The recent killing of John T. Williams at the hands of a Seattle Police Department (SPD) officer, which first triggered serious questions and then serious outrage, is now triggering a movement. Hundreds of people attended a candlelight vigil for the Native American man on September 2, the crowd spilling out onto Second Avenue late into the night. Since then, the mood has shifted from somber to angry—and next week, on September 16, several groups are planning a protest. The details are still forthcoming, but the central message is clear: They want accountability from the police department and city hall—which has so far been lacking.
In its entirety, SPD says that the incident with Williams—from the time Officer Ian Birk pulled over until he fired his gun—happened in under a minute. At 4:15 p.m. on August 30, Birk, a 27-year-old officer who has worked for the SPD for two years, saw Williams crossing Howell Street with a piece of wood and a knife. Footage from an in-car patrol camera shows both men cross in front of the car and move out of view.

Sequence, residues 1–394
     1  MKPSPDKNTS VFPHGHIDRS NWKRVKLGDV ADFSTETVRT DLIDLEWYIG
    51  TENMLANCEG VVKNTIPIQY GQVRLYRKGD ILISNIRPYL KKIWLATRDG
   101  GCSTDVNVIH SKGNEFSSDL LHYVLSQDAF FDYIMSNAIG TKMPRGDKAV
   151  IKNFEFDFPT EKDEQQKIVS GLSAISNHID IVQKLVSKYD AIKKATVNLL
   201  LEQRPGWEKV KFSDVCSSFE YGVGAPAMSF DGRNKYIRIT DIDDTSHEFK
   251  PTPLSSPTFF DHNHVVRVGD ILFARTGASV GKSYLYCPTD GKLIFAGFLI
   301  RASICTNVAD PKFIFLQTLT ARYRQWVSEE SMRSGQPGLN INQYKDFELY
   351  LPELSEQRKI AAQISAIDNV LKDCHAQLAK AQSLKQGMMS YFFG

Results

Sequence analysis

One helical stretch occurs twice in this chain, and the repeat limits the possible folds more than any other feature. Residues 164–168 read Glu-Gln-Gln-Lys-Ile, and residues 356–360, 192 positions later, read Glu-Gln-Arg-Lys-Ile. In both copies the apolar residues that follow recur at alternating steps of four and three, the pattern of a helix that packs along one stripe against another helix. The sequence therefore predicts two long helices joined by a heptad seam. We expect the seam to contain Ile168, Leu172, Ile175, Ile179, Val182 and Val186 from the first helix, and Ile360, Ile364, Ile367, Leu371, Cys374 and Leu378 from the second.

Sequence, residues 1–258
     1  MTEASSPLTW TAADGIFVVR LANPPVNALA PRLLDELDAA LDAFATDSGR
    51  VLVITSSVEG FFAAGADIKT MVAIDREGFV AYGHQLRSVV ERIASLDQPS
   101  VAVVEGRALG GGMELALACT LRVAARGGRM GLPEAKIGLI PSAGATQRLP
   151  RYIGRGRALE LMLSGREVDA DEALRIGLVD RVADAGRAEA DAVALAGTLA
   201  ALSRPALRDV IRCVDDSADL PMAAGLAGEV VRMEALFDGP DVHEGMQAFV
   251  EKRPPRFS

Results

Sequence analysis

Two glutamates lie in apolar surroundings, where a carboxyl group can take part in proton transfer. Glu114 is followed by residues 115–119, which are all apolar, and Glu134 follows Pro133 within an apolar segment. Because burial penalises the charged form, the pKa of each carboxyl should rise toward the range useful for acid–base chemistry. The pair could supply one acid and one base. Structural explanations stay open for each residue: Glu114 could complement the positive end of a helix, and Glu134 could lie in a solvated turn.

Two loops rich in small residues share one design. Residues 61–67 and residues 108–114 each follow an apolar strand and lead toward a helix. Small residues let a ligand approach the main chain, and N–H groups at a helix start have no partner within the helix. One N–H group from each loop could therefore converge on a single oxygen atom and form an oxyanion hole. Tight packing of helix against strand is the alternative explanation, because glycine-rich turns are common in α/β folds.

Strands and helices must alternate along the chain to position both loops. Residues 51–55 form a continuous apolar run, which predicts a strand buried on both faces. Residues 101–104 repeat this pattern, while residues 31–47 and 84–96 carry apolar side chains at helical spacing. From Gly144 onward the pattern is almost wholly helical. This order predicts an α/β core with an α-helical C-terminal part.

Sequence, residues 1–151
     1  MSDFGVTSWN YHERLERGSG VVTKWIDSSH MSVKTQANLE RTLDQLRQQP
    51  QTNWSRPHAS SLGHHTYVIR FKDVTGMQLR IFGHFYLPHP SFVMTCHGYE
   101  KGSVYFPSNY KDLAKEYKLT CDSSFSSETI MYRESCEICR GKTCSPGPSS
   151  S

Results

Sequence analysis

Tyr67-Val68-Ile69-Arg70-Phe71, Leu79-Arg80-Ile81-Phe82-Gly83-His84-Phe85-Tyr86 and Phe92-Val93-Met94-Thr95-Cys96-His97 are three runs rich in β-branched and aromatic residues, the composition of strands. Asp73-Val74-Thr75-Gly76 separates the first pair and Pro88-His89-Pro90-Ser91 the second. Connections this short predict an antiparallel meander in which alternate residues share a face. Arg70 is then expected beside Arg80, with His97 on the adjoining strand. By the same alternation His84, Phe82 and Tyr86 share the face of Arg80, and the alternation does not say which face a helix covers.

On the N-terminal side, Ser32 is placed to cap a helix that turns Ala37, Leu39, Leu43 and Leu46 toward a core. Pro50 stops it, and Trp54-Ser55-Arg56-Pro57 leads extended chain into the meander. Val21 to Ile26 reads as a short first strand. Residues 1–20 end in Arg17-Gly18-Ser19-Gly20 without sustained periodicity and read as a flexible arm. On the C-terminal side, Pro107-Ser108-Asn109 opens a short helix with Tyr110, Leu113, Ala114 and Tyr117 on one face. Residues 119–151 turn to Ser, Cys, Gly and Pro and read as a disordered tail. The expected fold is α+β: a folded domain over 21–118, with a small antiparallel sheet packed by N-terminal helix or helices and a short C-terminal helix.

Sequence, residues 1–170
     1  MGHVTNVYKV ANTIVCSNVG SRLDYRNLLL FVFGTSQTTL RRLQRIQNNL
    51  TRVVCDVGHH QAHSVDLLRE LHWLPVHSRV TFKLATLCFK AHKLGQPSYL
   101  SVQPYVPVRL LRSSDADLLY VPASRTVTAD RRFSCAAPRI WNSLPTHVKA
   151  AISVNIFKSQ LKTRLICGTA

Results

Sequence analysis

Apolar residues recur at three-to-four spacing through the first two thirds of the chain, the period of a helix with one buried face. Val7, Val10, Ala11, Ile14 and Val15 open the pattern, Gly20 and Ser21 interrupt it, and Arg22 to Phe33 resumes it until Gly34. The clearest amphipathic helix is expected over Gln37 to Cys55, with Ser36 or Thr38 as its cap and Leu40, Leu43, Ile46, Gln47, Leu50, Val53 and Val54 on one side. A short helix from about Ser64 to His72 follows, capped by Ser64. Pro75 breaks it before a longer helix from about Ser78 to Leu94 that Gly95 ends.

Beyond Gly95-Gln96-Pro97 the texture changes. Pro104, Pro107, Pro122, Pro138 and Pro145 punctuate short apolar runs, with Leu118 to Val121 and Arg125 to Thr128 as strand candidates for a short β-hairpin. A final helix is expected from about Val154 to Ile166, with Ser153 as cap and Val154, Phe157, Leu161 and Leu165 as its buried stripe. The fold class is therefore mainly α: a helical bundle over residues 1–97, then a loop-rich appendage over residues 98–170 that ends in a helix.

"The only thing we know for sure is the individual had a knife," said Chief John Diaz at a press conference on August 31. "We know from audio recordings that the officer issued at least three commands for the suspect to drop his knife." But Williams allegedly refused Birk's orders. From approximately 9 to 10 feet away, Birk fired four rounds.
The dude would have been better off here